Money Makeover: 'Should I sell my buy-to-let to pay for retirement?'
Lucy Stevens's rental property provides a nice boost to her income – but is it worth hanging on to?
Lucy Stevens is considering retiring five years early from the police force CREDIT: David Rose
Landlords have had it tough in recent years and many have sold up as tax perks have been steadily eroded.
Casual and “accidental” landlords in particular face diminishing returns after repeated cuts to tax relief on mortgage interest and changes to capital gains tax and stamp duty rules.
One such landlord is Lucy Stevens, 45, from Essex, a police officer with a buy-to-let home in Chelmsford that generates around £700 a month after expenses and is financed by an interest-only mortgage.
Ms Stevens, whose name has been changed, is 15 years away from retirement but has the option of retiring five years early with a reduced pension. With two young daughters and a £340,000 mortgage on her main home, Ms Stevens now faces the same dilemma as many landlords: sell her buy-to-let and pay off the mortgage on her own home, or stick with it and use the income to supplement her pension in retirement.
A self-confessed cautious investor, Ms Stevens holds around £11,000 in a stocks and shares Isa and £4,000 in cash. She expects to receive a £159,000 lump sum from her “defined benefit” police pension when she retires.
She is also a qualified personal trainer and is considering a second career to supplement her retirement income when she eventually hangs up her handcuffs. .
Hayley North, chartered financial planner at Rose & North
Amyr Rocha-Lima, partner at wealth manager Holland Hahn & Wills
It is advantageous to hold different types of asset, such as property, cash savings, pensions and investments, as it means one is not forced to take income from an investment if the timing is not right.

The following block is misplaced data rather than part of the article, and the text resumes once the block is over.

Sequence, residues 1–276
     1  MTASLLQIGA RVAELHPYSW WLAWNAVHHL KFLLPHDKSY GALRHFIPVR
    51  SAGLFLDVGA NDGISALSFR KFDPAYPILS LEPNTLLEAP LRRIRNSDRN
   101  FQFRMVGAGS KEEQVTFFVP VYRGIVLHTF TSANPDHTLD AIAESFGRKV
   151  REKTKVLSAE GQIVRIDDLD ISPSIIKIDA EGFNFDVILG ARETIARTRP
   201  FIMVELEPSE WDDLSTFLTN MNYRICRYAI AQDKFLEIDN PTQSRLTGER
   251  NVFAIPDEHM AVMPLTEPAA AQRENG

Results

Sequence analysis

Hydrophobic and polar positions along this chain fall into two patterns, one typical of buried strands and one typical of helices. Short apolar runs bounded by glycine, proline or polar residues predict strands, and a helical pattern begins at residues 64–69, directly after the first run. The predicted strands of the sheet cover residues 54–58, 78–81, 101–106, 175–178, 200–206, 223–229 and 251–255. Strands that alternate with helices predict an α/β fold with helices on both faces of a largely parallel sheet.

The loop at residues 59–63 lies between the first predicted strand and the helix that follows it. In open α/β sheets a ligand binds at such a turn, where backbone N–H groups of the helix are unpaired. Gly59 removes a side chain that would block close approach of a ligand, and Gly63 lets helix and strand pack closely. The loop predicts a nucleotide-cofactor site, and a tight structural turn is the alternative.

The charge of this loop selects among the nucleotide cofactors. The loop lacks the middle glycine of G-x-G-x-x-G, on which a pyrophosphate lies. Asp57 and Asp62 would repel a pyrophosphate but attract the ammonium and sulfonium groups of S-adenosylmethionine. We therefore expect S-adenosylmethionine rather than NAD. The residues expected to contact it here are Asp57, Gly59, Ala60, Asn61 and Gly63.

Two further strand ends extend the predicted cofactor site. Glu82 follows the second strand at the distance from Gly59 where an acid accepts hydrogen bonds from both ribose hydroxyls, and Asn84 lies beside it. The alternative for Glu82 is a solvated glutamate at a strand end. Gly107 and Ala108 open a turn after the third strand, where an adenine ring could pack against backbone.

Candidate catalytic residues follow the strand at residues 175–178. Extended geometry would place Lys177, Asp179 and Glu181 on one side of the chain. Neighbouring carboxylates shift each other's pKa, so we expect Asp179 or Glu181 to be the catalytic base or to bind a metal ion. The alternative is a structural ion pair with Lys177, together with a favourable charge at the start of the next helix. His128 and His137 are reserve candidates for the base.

Ms Stevens’s rental income would continue even if she were unable to work and this, along with the life and critical illness policies she has taken out, makes her current situation more secure, protecting her family with income and a lump sum in the worst-case scenario.
The rental property is another asset to pass on to her children and might be useful to generate capital to help her daughters buy their own homes in the future.
Renting out a property can present problems such as finding and managing tenants. That said, Ms Stevens says she can easily find quality tenants and, as the property is managed by an agent, it is unlikely to be causing her undue stress. Although she is happy to work into retirement, this should not be necessary to maintain the income she needs to meet her expenses, whether she retires at 55 or 60.
She should also have excess income she can use towards repaying the buy-to-let mortgage if she wishes. The lump sum she will receive should be almost enough to repay the outstanding mortgage on her main home at age 55 and her income will also be sufficient into retirement to keep up the repayments until the end of the mortgage term.